We live in a society where our broken and unwanted goods are thrown away as easily as they’re replaced.
Our clothes alone produce an average of 17 million tons of landfill waste per year, and this number is only growing. That doesn’t even take into consideration all of the waste generated from producing clothes!
Our environment is continually overwhelmed with waste, resource consumption, and production, and it’s becoming increasingly obvious that we need a new system.
The circular economy concept hopes to fix this cycle of waste-and-replace with one that reuses and recycles to the full extent, mitigating our waste and our resource consumption.
In simple terms, a circular economy is one that reuses, repairs, and recycles the vast majority of its products, ensuring that all items are used as much as possible. This economic system limits the need for new products by reusing the materials we already have.
The closed-loop system of a circular economy seeks to give all products a second life through repairs, refurbishing, and eventually recycling. It even goes farther than reusing products like clothes and furniture, and extends into global food production. In a circular economic system, there would be virtually no waste produced from any form of production, as all products—from food to clothes to infrastructure—would be reused as much as possible.
Currently, we live in a linear economy where resources are harvested and refined into products, and then eventually end up in landfills once discarded. This model is wholly unsustainable and is a direct cause of the environmental crises we’re facing.
The loop of buying, discarding, and replacing creates massive strains not only on our landfills, but also on our natural resources from mass consumption.
Our linear economic system depends on the idea that new products can always be created, and old products can always be tossed. Unfortunately, we’re using up our resources faster than we can sustainably replenish them, resulting in extreme resource consumption. In our current system:
- 18 million acres of trees are harvested every year for timber, paper, and agricultural purposes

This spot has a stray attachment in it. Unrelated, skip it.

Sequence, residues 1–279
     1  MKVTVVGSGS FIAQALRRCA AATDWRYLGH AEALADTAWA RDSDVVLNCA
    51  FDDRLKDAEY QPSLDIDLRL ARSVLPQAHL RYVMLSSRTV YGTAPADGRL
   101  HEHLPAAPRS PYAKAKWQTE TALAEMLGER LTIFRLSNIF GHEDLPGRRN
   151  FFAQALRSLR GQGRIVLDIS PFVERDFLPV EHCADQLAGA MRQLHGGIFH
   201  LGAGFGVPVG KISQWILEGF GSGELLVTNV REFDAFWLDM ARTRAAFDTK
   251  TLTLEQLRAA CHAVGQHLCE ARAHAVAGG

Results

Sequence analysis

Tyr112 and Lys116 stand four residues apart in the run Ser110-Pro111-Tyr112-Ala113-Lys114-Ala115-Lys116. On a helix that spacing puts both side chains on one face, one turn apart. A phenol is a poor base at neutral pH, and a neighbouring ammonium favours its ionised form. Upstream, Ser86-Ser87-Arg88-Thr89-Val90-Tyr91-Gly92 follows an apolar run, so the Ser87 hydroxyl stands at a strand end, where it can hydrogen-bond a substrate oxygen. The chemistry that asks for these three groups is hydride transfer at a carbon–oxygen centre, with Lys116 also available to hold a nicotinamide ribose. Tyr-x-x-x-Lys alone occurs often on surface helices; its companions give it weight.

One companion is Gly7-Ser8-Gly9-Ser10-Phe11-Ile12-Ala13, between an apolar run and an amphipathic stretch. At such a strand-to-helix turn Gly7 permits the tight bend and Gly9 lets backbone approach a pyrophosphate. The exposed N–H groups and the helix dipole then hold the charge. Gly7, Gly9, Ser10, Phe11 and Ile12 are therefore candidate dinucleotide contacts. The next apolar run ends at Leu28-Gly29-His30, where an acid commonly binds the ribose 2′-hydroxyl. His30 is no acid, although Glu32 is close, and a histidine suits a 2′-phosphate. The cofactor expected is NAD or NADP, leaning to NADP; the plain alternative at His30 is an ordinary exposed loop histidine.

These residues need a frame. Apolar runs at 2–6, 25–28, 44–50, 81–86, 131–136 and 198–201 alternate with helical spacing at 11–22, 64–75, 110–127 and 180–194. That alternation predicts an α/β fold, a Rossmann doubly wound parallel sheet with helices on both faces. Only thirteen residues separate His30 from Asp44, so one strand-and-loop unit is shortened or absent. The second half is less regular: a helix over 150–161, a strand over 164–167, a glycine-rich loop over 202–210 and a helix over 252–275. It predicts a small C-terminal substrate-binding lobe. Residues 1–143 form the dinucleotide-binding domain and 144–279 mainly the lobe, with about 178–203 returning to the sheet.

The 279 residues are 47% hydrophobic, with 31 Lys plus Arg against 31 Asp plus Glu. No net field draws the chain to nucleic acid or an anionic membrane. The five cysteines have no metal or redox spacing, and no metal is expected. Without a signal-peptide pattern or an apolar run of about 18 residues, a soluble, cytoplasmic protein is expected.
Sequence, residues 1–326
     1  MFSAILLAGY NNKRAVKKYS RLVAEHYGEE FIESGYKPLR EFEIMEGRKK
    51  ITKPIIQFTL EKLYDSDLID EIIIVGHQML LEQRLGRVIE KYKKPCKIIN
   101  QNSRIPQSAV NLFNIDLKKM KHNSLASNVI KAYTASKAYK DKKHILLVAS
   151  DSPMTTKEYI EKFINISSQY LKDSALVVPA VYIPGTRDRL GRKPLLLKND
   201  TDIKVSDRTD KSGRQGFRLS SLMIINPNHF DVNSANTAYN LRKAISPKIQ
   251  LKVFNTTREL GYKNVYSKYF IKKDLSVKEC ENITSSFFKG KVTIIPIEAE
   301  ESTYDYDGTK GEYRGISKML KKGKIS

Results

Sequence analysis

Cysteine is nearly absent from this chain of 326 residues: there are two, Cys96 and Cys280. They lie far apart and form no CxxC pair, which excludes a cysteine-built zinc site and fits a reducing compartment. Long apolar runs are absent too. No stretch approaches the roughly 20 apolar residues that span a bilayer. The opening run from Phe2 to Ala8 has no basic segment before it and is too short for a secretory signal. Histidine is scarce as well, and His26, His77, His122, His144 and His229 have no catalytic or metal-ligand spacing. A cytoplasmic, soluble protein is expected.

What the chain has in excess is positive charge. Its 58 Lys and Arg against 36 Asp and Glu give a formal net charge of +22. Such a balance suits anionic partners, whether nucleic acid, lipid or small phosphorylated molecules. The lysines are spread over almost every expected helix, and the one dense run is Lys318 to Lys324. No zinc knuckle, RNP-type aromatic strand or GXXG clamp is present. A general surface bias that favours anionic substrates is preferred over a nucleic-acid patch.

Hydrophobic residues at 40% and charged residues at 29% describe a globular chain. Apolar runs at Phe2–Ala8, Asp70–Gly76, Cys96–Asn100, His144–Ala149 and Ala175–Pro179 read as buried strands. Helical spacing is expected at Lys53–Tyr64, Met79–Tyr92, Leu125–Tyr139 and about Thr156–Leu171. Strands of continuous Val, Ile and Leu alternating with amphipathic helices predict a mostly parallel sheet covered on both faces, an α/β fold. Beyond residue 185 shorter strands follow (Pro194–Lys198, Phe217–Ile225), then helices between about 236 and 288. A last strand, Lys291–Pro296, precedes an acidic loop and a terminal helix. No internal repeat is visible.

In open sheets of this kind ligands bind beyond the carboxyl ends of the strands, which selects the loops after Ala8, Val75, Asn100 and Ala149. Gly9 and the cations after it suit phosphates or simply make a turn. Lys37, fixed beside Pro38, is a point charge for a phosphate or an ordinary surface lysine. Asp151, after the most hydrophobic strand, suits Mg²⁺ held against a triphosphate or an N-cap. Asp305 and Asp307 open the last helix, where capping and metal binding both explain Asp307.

- 7 billion gallons of water are used daily for oil extraction and refinement
- Plastic production and incineration results in almost 1 billion tons of greenhouse gases every year
As individuals, we can aim to mitigate our resource consumption by buying from brands that use quality control systems to boost transparency, durability, and sustainability in their supply chains, as well as purchasing items made from recycled material. However, these steps only take us so far as higher production rates put further strains on our natural resources every year.
Our linear economic model produces billions of tons of solid waste every year worldwide. This waste floods our landfills and environments, resulting in extreme amounts of oceanic and land–based pollution.
A significant amount of our thrown-out goods are still usable, whether through reuse, refurbishing, or recycling. However, while recycling has significantly reduced the quantity of waste in landfills, it’s still an imperfect system. Only about 14% of textiles and a staggering 8% of plastics are fully recycled, leaving the rest to flood landfills and incinerators.
In a circular economy, our products would be designed to be recycled and reused more efficiently, doing away with the idea of single-use products.
This wouldn’t eliminate waste entirely, but it would drastically reduce the amount of waste in our landfills and environments. Items—including packaging materials, clothes, electronics, and anything in between—would be reusable, compostable, or recyclable.
A circular economy would also reduce food waste. Nearly one-third of all food produced in the United States is thrown out, generating a significant amount of methane and carbon dioxide in landfills. Circular economic models seek to reuse excess organic resources as composting, animal feed, bioenergy, and even fabrics for the garment industry. This system relies on regenerative food production, where sustainable agricultural practices maximize the usage we get out of each product.
While such a large systemic shift can sound daunting, the transition to a circular economy doesn’t have to be a worldwide, overnight switch. We can take our own personal steps to limiting our consumption and waste by buying secondhand, composting, and reusing what we can. Use disposal and recycling as a last resort, and try to give all your belongings a second life.
Author: Lena Milton
Lena Milton is a freelance writer covering sustainability, health and environmental science. She writes to help consumers understand the environmental and ethical challenges in everyday life so we can find viable solutions for both.
You can read more of her work on Pollution Education and RoHS Education.